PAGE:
How is a Virginia LLC taxed?

An LLC allows for streamlined tax paperwork. As noted above, the business doesn’t have to pay taxes on its profits. Instead, each member pays taxes on their own earnings. Federal taxes are determined by the IRS based on each member’s share in the LLC.  There are also state taxes to consider. Unless LLC members choose to have the business taxed as a corporation, they are only responsible for their individual taxes. In this case, the LLC isn’t taxed on its profits. There are other taxes to take into account, however:

  • Instead of an annual report, which most states require of LLCs, Virginia requires that LLCs pay an annual registration fee of $50 to do business in the state. This is comparable to a state business tax. This is due on the last day of the month in which the company was formed or registered to transact business in Virginia.
  • If the LLC has employees, state employer taxes and unemployment tax must be paid.
  • If your LLC sells a physical product, you’ll need to register with the Virginia State Tax Department so that you can file and pay Sales and Use Tax. There are also additional taxes related to certain products, like liquor. 

Virginia LLC FAQs

  • What is the processing time to form my Virginia LLC?

    Usually, the Virginia State Corporation Commission requires three to five business days to process the submission of the Articles of Organization. If you want same-day or next-day service, you can pay an expediting fee ($100 or $50, depending on the form) and get your paperwork sooner.

  • Do I need to file my Operating Agreement with the state of Virginia?

    No, this is not required. Creating an Operating Agreement is still a smart move, however, as it can protect you both as a business and an individual.

  • What tax structure should I choose for my Virginia LLC?

    The majority of entrepreneurs opt to have their LLC taxed the default way, meaning as a sole proprietorship or partnership (depending on whether you have one member or more), due to the aforementioned streamlining of taxation this allows. You will pay both state and federal taxes on whatever income you earn from the LLC, but the LLC itself will not owe taxes on its profits. Each member is responsible for their own taxes. rnrnFiling taxes as a corporation becomes more complicated and is generally only warranted for LLCs with very high earnings. A certified tax professional can advise as to whether this is the right option for you.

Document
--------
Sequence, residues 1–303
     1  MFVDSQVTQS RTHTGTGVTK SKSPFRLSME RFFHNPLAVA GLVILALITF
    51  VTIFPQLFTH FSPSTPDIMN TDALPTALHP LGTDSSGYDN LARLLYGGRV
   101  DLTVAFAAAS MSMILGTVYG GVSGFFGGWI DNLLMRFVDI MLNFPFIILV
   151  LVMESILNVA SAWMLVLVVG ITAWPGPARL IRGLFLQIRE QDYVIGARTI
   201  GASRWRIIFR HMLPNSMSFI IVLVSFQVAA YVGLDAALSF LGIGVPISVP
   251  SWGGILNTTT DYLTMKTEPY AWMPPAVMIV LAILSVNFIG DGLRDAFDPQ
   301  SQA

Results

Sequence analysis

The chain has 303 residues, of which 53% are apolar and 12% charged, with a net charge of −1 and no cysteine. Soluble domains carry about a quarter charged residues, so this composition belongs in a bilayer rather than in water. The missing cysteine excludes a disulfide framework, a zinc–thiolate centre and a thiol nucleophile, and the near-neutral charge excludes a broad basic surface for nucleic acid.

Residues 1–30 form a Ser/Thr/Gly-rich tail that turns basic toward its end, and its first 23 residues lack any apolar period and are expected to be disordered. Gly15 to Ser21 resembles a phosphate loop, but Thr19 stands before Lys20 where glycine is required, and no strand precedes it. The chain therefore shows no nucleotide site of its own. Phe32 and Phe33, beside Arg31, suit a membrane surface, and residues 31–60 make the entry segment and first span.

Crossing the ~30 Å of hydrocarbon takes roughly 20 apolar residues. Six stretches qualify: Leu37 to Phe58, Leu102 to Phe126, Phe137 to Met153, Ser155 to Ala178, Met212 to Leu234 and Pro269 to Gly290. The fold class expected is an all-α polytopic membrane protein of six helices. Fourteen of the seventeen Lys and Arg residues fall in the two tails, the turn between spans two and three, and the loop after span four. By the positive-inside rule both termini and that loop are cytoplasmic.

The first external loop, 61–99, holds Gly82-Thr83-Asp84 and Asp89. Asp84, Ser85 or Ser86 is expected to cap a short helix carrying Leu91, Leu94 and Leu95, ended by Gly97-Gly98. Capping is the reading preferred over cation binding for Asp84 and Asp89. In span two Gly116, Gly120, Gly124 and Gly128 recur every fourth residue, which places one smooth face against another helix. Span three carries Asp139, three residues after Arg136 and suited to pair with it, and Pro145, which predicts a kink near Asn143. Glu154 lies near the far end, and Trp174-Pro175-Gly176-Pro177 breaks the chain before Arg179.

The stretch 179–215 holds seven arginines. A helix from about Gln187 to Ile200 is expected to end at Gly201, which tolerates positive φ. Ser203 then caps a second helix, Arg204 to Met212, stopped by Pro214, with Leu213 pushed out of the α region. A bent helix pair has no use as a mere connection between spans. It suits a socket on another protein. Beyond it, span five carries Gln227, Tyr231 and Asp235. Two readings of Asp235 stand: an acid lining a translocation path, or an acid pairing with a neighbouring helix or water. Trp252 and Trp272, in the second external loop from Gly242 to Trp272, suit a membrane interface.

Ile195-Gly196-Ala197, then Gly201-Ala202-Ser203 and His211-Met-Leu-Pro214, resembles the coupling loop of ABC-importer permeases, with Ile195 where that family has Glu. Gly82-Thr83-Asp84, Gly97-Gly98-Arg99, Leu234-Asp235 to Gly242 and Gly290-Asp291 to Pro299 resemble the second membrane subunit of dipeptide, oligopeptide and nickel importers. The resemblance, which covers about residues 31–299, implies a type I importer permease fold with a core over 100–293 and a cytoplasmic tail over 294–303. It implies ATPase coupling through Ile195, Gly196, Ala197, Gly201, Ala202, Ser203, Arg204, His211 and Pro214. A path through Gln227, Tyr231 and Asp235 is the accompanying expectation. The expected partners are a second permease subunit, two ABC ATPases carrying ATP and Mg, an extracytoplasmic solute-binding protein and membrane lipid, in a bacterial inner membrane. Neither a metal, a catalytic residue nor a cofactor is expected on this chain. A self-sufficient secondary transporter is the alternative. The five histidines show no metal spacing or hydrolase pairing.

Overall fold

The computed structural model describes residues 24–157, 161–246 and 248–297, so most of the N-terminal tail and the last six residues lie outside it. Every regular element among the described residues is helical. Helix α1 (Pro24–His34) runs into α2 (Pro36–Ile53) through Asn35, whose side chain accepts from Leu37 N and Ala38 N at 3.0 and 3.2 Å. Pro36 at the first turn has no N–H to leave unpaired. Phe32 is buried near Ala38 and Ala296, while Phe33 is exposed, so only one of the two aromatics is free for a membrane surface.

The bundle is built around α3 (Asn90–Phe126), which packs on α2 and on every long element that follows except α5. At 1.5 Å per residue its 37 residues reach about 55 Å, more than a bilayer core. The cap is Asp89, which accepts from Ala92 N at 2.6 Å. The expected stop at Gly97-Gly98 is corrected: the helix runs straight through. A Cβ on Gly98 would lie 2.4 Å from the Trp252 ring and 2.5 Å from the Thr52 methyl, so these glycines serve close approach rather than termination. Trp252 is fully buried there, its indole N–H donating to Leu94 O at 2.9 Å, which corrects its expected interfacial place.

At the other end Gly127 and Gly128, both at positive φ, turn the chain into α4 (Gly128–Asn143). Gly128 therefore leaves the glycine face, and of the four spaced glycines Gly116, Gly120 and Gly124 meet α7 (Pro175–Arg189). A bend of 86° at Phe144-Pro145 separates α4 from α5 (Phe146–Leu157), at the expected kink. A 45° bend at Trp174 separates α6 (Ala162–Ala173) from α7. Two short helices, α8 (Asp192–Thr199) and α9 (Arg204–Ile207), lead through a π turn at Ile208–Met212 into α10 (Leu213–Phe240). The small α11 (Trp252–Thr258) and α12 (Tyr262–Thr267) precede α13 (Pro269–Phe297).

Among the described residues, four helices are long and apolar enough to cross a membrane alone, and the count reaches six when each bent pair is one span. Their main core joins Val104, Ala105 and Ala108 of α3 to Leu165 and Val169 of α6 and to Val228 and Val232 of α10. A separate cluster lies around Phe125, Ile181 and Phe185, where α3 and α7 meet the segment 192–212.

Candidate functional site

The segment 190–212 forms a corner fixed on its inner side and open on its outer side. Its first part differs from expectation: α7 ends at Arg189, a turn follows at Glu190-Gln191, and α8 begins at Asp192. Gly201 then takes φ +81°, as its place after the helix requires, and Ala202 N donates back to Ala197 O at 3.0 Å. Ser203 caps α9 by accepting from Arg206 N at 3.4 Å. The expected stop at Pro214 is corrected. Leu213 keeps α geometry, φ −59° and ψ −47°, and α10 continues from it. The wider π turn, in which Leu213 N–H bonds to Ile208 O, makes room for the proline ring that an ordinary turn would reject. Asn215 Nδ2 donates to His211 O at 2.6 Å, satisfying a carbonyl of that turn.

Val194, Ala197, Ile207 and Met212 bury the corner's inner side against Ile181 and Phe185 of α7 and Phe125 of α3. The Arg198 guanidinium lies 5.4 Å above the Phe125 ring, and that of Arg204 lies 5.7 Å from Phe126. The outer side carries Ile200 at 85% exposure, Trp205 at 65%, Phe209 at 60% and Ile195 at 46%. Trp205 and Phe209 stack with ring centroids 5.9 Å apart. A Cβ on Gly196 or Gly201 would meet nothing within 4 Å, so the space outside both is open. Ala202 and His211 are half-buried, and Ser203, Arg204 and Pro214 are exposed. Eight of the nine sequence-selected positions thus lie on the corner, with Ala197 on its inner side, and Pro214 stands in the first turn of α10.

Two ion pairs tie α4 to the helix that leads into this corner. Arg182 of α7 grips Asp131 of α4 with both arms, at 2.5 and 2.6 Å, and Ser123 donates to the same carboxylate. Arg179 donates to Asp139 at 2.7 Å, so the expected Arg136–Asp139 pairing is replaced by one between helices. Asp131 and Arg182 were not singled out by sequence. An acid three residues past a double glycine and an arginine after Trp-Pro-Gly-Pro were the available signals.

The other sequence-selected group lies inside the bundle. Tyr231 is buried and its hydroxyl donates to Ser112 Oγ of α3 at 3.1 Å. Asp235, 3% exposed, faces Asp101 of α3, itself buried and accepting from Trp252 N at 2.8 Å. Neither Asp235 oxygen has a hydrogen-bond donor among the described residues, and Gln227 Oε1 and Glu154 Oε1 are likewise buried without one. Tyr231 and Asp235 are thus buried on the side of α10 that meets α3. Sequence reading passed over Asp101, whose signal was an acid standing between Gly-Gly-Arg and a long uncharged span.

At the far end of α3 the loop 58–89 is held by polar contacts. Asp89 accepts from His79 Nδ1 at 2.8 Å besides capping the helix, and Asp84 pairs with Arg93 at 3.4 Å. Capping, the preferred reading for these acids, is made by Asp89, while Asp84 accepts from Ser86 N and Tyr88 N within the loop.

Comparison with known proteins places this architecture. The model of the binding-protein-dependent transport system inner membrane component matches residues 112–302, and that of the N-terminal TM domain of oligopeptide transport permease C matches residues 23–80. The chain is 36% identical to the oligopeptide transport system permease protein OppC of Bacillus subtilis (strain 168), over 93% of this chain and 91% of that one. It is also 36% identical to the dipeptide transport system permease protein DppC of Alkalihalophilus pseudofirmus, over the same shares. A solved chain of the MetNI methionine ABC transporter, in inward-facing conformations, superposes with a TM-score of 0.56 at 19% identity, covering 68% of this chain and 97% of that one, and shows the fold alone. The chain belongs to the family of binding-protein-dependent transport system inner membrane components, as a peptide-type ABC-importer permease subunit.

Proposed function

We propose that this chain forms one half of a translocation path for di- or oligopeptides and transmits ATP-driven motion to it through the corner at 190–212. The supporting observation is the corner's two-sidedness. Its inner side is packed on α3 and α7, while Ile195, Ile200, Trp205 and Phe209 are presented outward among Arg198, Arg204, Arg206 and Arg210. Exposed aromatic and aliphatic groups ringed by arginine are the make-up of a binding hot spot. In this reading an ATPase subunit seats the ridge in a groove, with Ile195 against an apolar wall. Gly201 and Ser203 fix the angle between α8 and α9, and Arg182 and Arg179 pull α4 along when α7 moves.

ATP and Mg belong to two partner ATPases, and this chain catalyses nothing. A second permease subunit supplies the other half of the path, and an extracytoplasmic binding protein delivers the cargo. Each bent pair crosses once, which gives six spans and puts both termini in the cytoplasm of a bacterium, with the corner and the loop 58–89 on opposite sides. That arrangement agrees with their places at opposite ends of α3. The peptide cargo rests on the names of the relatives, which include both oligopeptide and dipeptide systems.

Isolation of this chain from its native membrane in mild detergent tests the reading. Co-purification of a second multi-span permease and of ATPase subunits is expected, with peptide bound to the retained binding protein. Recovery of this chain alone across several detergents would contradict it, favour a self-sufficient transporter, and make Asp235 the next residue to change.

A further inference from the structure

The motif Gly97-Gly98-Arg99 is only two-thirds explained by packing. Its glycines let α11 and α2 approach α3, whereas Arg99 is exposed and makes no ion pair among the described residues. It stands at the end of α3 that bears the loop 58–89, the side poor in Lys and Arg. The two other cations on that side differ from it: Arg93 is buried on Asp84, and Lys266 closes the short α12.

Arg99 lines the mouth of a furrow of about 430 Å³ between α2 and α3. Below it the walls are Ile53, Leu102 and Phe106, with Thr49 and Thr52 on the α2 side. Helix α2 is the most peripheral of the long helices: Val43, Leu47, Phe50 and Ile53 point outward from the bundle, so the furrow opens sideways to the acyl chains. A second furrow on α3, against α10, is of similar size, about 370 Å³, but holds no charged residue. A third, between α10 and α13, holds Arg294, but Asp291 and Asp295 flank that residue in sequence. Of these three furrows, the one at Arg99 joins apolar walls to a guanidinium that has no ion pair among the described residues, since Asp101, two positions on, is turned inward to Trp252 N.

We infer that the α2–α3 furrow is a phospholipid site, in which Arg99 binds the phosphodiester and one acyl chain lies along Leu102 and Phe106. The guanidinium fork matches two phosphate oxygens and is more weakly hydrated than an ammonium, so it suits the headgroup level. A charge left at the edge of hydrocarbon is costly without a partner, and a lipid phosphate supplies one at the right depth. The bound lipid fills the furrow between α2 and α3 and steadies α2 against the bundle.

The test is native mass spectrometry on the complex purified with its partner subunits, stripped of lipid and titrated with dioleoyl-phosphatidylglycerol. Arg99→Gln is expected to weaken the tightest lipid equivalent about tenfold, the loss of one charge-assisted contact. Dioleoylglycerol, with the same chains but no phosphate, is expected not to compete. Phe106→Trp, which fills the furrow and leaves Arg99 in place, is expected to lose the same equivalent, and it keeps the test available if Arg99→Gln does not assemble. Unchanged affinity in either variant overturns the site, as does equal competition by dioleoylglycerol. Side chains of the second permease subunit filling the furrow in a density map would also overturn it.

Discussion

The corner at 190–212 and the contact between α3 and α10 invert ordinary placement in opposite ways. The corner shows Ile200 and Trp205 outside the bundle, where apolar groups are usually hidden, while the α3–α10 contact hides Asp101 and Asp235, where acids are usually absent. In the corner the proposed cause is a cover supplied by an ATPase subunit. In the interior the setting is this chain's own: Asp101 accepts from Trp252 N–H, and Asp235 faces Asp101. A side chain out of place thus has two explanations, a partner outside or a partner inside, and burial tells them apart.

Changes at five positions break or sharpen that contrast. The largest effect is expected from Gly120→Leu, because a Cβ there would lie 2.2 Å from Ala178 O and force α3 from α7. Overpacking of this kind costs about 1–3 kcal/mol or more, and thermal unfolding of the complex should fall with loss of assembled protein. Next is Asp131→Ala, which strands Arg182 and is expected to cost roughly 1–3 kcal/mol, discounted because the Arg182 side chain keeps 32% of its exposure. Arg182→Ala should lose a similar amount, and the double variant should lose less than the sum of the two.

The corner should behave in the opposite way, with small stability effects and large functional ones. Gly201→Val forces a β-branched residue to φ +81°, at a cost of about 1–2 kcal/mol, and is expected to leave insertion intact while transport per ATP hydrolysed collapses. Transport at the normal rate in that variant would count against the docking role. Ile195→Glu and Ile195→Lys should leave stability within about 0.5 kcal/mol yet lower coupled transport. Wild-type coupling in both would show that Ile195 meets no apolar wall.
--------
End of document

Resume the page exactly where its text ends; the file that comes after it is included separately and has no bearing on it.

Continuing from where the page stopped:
• Does Virginia allow a Series LLC?

    A Series LLC refers to an arrangement in which multiple LLCs operate under the umbrella of one larger LLC. Each LLC interest has its own rights and obligations, as well as its own distinct assets. Virginia passed legislation allowing for Series LLCs in March of 2019, and this structure has been available in Virginia as of July 1, 2020.

  • Which licenses and insurance are required for an LLC in Virginia?

    Virginia does not have a general business license requirement, but certain occupations will require additional licenses. This varies within the state, depending on the city or county. Check with the clerk of the city or county of your LLC’s primary place of business to learn if you need a license for your goods or services. Licenses and permits are often industry-specific and can exist on the federal level in addition to state and local, so you’ll have to do some research to determine what your business needs.rnrnIn any case, we recommend hiring a professional service like ZenBusiness, which will provide you with a comprehensive package of all the licenses and insurance required for your Virginia LLC.

  • How do I add a member to an LLC in Virginia?

    Before adding a member, review your Operating Agreement to see if guidelines are in place for this procedure. If your LLC has other members, they may need to agree on the addition of new members. There may also be other details defined, such as how large a share a new member can hold. Finally, you have to ensure that new members file the required tax paperwork.

  • How do I dissolve an LLC in Virginia?

    If you transfer only part of the business, you follow the procedure for adding a new member to the LLC (see above). If you transfer full ownership of an LLC, check the buy-sell or buyout provisions of your Operating Agreement. A purchase agreement must be drafted in line with any terms laid out in the Operating Agreement. There are also aspects to consider, such as whether you want to sell the stock of your corporation or membership units or sell the assets of the business — in which case any liabilities linked to the business likewise transfer to the new owner. Following a full sale, you must also file final tax returns.